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New Jersey is one of a shrinking number of states that take local employment and capital into account when determining multi-state and multinational corporations’ tax liabilities, thus placing an indirect tax on job creation and investment in the state. By moving to a single sales factor, Governor Christie is removing a barrier to firms seeking to locate and grow their business and jobs in New Jersey, while also helping retain companies with headquarters in the state.

New Jersey is one of the few states left that still imposes taxes on non-exempt farm cooperatives. Governor Christie stops this practice.

Under current law, qualified R&D spending in New Jersey may be used to offset up to 50% of corporate tax liability. Governor Christie’s proposal allows critical, economically-beneficial research and development spending in the state to be used to offset all of the corporate tax liability. This will help New Jersey regain and grow its reputation as a home for innovation.

Every one of New Jersey’s neighboring states has lower S-corporation minimum taxes, while three states have no minimum tax whatsoever. Governor Christie’s proposal will increase New Jersey’s competitiveness by leveling the playing field, making New Jersey more attractive to small and startup businesses.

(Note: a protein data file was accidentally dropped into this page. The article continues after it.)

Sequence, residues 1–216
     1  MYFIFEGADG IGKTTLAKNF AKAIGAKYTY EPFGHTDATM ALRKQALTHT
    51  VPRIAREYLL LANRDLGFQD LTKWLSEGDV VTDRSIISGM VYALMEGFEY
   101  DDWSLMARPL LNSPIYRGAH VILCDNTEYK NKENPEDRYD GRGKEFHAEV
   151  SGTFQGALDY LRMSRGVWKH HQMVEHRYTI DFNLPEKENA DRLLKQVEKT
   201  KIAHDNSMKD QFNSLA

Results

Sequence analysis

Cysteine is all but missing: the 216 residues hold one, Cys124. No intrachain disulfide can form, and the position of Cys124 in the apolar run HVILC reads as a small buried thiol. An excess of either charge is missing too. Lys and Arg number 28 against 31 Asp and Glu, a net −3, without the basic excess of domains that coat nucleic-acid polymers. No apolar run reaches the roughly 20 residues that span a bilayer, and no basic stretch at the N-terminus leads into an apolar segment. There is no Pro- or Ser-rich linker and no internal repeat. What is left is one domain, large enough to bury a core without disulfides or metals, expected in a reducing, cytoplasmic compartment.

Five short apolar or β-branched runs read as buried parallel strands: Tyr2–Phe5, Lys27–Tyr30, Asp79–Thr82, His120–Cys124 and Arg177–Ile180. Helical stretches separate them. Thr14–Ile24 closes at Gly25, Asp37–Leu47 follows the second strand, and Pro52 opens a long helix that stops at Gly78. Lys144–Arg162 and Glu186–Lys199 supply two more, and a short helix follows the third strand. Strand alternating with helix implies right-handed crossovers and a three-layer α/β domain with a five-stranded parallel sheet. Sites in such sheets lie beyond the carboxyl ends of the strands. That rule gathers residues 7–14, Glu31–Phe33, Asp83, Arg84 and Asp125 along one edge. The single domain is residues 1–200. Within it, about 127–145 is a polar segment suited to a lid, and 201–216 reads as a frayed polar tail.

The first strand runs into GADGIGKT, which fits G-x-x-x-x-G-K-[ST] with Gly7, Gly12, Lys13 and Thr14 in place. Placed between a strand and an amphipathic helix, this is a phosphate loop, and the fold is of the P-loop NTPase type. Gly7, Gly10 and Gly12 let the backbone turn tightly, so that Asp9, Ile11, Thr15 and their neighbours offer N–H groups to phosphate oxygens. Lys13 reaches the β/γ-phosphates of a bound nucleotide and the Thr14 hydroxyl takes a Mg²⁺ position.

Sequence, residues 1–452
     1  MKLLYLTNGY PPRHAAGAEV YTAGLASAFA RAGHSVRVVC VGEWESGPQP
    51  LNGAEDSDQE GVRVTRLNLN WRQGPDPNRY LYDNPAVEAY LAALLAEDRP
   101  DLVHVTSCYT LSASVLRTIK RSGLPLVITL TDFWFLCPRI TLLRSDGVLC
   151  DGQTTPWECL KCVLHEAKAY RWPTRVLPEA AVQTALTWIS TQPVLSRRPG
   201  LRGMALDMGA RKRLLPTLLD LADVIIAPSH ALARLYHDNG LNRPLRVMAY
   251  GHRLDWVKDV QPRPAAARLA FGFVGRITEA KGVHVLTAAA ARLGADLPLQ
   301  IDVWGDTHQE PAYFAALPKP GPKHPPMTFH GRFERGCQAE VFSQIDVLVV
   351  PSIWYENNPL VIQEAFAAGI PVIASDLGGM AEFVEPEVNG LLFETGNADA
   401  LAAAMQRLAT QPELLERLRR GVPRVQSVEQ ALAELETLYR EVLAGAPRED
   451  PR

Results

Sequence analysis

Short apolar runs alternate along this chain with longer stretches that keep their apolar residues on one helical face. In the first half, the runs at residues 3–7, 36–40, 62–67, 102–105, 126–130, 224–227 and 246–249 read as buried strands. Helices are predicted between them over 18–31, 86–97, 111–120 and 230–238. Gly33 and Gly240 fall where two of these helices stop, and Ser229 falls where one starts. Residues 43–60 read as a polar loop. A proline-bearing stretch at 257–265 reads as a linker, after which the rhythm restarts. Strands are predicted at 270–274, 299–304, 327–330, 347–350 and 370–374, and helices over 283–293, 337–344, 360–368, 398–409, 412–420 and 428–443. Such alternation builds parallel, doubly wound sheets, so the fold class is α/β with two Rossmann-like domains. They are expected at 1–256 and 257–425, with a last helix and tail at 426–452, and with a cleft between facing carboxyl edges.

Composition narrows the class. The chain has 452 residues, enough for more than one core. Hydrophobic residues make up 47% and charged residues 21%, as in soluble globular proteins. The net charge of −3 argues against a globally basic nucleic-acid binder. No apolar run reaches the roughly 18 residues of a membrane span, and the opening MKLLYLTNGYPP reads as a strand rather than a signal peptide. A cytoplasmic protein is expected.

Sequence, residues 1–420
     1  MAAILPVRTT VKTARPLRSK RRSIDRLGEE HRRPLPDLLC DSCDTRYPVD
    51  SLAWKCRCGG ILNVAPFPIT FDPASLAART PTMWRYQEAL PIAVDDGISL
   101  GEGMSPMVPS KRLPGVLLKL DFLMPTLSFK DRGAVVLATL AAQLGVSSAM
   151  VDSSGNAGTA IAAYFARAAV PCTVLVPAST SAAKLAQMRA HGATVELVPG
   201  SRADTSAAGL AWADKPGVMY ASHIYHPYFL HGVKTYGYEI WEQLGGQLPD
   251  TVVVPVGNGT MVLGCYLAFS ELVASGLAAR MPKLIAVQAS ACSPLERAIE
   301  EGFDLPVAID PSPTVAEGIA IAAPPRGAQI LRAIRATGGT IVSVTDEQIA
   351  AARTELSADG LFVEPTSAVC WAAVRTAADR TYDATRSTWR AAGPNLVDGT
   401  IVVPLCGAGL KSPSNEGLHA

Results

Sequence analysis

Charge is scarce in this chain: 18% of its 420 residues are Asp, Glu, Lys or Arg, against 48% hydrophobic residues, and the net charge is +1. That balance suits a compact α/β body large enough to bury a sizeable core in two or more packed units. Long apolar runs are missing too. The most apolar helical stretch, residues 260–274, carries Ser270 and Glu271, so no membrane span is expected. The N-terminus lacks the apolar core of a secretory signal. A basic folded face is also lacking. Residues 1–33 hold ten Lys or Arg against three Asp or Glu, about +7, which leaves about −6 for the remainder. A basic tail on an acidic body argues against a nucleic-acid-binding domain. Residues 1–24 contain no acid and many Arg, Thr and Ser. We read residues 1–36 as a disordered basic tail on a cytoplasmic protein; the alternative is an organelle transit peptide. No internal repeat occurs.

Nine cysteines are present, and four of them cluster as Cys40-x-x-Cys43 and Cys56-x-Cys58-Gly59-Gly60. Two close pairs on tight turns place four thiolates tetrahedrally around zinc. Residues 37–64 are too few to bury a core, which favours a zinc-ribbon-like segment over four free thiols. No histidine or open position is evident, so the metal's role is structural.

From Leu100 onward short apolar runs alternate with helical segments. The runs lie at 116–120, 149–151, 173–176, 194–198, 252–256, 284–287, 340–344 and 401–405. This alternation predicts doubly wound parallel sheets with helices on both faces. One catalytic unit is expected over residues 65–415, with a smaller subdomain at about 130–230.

• Unlike the federal government and most other states, New Jersey penalizes small businesses by only allowing losses in each category of income to be offset against income in the same category. Current law also does not allow losses to be carried forward and used to offset gains in subsequent years. This discourages diversified entrepreneurship and burdens loss-generating business startups. Governor Christie’s plan provides a smooth transition toward a fairer method for taxing entrepreneurs and small businesses.

This is an unnecessary and harmful tax on business technology improvements and modernization. Governor Christie proposes the removal of this disincentive to business investments and technology improvements to spur productivity-enhancing business reinvestment.

The archaically low threshold for New Jersey’s estate tax — less than the value of many middle-class homes — encourages small businesses and their owners to shut down and leave their state. The current estate tax also deters small and family-owned businesses from relocating their businesses to New Jersey. Governor Christie proposes an increase in the ceiling on the exemption amount, lowering incentives for businesses to close and increasing New Jersey’s attractiveness to small businesses.

). Tax relief in the form of energy cost savings, first promised in 1997, will finally occur beginning on January 1, 2012. The TEFA was created as a temporary tax as part of the shift from a gross receipts tax on energy to a combination of Corporation Business and the Sales and Use taxes. The original phase-out schedule for the assessment had it ending on December 31, 2002; however, subsequent Governors and Legislatures extended the sunset.


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